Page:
It snowed in Pittsburgh last Sunday. Heavily. Dolphins quarterback Ryan Tannehill had never seen snow, let alone play in it. And yet the Miami Dolphins swam circles around the Steelers, effectively ending their playoff hopes. Now, the watch begins.
- Will the Steelers quit, or will they continue to fight to the bitter end?
History tells us that this is a key question that goes beyond assessing how well the Steelers can fall on their swords. For the first time in the Mike Tomlin era, the Steelers enter a 3 game stretch where they know they have no possibility of making the playoffs. (Oh, yeah, the Steelers are still “mathematically” in the playoff race. And you or I might win the Super Lotto.)
- This is uncharted territory for the Tomlin era.
Sure the playoffs were missed in 2009 and 2012, but the Steelers kept their hope alive until very late in the season. This is different. Now not only are the playoffs closed to the Steelers; this team cannot even achieve a winning record.
- Steelers Nation is going to learn a lot in these next three weeks.
While this is new ground for Tomlin and company, this has been seen before – three times in the Cowher era. In 1998 the Steelers were 7-5 after their Thanksgiving Day loss to Detroit, and completely imploded after that. Guys quit on Bill Cowher. They quit badly.
- Dermontti Dawson, Jerome Bettis, and Levon Kirkland fought to the end, but by the final game the list of guys who were mailing it in outnumbered those who were not.
In 1999 the Steelers season effectively ended in mid-November with a home loss to the then expansion Cleveland Browns. Again, the team quit on Cowher and it was far worse than the year before. Lee Flowers, without mentioning names, openly called out his teammates.
2003 told a different tail. This Steelers team started off at 2-6 and ultimately finished at 6-10. A 6-10 record is nothing to be proud of, but that Pittsburgh Steelers squad contested every blade of grass until being eliminated at Baltimore in sudden death overtime in the season finale.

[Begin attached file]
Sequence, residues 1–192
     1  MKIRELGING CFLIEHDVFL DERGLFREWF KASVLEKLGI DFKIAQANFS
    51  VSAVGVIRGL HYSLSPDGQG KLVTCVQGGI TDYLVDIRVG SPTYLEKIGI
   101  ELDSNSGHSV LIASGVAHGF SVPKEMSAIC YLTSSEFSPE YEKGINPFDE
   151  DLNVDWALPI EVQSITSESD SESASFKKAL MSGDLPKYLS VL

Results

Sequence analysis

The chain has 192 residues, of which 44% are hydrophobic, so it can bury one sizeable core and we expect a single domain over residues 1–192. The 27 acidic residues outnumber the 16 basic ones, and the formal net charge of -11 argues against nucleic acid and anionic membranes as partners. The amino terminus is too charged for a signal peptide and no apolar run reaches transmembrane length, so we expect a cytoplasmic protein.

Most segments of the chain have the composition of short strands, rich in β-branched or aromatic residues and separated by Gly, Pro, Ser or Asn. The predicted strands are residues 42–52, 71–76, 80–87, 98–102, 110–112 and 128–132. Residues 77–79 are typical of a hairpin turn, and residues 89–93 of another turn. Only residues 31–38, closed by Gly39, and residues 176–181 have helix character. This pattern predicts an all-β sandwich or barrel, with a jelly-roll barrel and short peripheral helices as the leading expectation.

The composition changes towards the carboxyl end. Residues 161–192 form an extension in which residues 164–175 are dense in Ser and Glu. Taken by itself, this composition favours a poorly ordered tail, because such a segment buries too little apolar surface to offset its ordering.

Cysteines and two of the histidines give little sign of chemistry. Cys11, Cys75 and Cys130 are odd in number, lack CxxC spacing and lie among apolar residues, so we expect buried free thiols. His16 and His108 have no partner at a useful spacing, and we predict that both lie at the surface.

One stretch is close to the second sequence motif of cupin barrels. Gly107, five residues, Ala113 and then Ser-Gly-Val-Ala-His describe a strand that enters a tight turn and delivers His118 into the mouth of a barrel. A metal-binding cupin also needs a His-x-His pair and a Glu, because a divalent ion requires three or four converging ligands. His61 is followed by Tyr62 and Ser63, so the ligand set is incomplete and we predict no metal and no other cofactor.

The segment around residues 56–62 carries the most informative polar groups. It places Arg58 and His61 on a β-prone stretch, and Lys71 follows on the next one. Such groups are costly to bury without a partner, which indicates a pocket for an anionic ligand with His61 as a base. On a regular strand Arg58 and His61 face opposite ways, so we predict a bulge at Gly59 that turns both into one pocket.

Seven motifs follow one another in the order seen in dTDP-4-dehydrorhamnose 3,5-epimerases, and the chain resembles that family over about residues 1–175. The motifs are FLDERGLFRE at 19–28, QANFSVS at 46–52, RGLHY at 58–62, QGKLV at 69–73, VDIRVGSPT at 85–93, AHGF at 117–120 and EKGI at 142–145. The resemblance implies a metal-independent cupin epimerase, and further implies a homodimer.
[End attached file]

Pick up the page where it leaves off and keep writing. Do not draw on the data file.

The difference in the reaction between 1998 & 1999 and 2003 revealed a lot about how Bill Cowher had grown as a coach and about how the Steelers had matured as an organization.
No one inside or outside Steelers Nation would ever question Bill Cowher’s ability to inspire his players. Yet that inspiration had a double edge. Over-confidence was Cowher’s Achilles Heal. When his teams came out flat, they came out flat. The 2003 season showed that Cowher had corrected that tendency.
Of course the Cowher-Donahoe feud, oft referenced here, also played a part in in the 1990’s. Football is a brutal support, and players are far less likely to lay it on the line in a “Playing for Pride” game when the Director of Football Operations is undercutting the head coach.
The Pittsburgh Steelers from 2003 to 2013
- No, Mike Tomlin will play to win, as he should.
Steel Curtain Rising has railed against the idea of playing for draft position before, and history backs up the argument (hint – the Steelers could have done this in 1968; they did not and Joe Greene arrived as a consequence.)
Mike Tomlin’s approach is the right one to take. Ben Roethlisberger echoed similar sentiments after the Dolphins loss. So have several other members of the Steelers locker room. Steelers Nation can take Tomlin and Roethlisberger’s words at face value. As for the rest? Well, its very easy to say the words.
So the question remains, Mike Tomlin has vowed to fight to the end. Will is players follow him?
Yes, Steelers Nation will learn a lot in these next three weeks.